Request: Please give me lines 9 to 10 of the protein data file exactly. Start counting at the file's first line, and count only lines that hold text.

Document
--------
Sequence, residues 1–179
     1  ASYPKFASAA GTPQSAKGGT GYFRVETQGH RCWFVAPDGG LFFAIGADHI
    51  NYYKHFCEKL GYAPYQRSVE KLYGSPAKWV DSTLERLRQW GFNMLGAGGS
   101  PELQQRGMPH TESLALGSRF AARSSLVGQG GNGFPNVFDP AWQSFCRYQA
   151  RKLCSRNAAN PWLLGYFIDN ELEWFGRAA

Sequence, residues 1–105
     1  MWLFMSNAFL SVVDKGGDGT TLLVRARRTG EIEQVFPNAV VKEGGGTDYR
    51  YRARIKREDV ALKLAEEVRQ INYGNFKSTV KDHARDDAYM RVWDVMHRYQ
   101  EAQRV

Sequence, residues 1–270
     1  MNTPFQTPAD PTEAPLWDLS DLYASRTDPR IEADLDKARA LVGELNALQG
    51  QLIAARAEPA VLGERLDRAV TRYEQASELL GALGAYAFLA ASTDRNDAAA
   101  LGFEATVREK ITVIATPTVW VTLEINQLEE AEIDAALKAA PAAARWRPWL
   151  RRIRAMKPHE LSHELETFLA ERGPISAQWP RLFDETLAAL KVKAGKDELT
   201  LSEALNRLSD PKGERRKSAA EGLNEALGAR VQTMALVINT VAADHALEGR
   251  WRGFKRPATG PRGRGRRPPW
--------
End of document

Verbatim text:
   101  EAQRV

Sequence, residues 1–270